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(Possibly) a stupid question on a RF failsafe....

Discussion in 'General Ham Radio Discussion' started by iiiquaziii, Aug 6, 2017.

  1. Paul-W5lz

    Paul-W5lz
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    I think that since you are aware that your cable isn't the best in the world you probably should just go ahead and use it. It doesn't have to be the best in the world to work. Would better shielding be better? Probably, but until there's some particular problem, why waste a lot of worry on it (especially if you can't change it right now)? I've used some really crumby coax before, it was just all I had at the time. No particular problems with it, some -potential- problems but until they happen, save the worry for something else.
    The biggy about that 2 conductor wiring is the safety part. It really can cause some shocking problems. This old house has every kind of electrical wiring there ever was. I've corrected some of it and live with the rest. It'd be smart to re-do it. Do what you can, when you can, and don't stick things in those electrical outlets that don't belong there.
    Baluns on HF antennas are nice, but certainly not a necessity at all. Wanna use them? Do so. Keep in mind that they ARE frequency/band specific, and bigger is better to some weird extent. (Can you tell I'm not a big fan of baluns?)
    Have fun while you're doing all that stuff.
    Paul


     

  2. Robb

    Robb
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    If it is as clean as you say; then run with it until it proves to have a fault of some kind. The only difference between RG-58 and RG-8 is that the RG-58 is good up to 400 watts and the RG-8 is good to 1,000 watts more/less - depending on the brand. Belden is good schtuff.
     
  3. Captain Kilowatt

    Captain Kilowatt
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    One thing you can do is connect a dummy load to the far end of the cable and a watt meter at the radio end and note the power out. Next move the meter to the far end near the dummy load and note the power again. If there are excessive losses then it indicates the cable may not be as good as you think it is however the cable will NOT simply fail and ruin your radio. It simply means you have more losses. Sometimes the inner insulation may be discoloured and the copper still bright and shiny. The discolourisation is due to water having infiltrated the cable. In any event use it. The worse that can happen is your signal will be down from what it is capable of but the difference in dB will be hardly noticed if at all depending on the amount of actual loss.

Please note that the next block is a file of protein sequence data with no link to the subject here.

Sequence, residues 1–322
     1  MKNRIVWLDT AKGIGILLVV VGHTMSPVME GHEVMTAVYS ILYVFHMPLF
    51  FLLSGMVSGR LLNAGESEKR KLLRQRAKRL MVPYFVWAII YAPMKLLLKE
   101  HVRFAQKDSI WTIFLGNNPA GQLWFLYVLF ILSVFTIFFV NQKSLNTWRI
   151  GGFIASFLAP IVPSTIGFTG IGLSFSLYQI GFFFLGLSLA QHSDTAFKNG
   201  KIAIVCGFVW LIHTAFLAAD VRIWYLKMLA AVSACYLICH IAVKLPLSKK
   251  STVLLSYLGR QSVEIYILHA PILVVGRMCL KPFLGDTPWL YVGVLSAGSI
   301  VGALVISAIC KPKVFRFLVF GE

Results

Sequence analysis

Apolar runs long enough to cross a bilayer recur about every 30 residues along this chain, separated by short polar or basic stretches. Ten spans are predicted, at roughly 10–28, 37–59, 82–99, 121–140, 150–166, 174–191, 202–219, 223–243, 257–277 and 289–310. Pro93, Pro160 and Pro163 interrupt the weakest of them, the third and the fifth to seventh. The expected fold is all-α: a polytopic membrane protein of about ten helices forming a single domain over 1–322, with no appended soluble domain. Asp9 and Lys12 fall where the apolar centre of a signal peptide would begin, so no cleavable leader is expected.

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  4. bob85

    bob85
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    iiiquaziii
    use the rg58 if that's all you have, it will get the job done until you can afford something better,

    i once ran a long run of rg58 as a temporary (few days) setup because that's all i had sat doing nothing at the time & wanted to get back on air,

    the temporary setup turned into several years even though i had much better new stuff within days & left it sat on a reel in the garage,
    when i first measured the loss on the new rg58 100w in the shack gave me 42w at the antenna on 27mhz,
    it never stopped me making contacts all over the globe,

    Robb
    what power coax can handle depends on what is connected to the far end, manufactures specs are conservative providing vswr is very low,

    i can tell you from plenty of personal experience that even cheap rg58 not belden quality can handle 600w+ fm IF vswr is very low, gets pretty warm on long overs but it can work reliably for years,

    it goes tits up @ lower power than the coax is rated for when vswr is not very low as seen in sirio gainmasters that use rg58 size coax above the stub & the mk1 stub matched vortex Q64,

    i have known rg8x feeding a sirio 827 be destroyed, fried like chicken by a local using his ACOM-1000 on FM when the 827 developed the open circuit fault arcing & burning the top of the coil off,
    the amps protection circuit saved the ACOM,


    seen the same thing with another local but less dramatic using rg58 feeding another sirio827 that went oc & damaged the coax & smaller base amp.
     
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  5. nomadradio

    nomadradio
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    If you have a dummy load it's no big trick to measure coax loss.

    Put the wattmeter between the radio and the coax and note the power reading.

    Now move the meter to the other end of the coax, at the dummy-load end.

    The difference between the power readings will tell you how much this piece of coax will lose when feeding your antenna.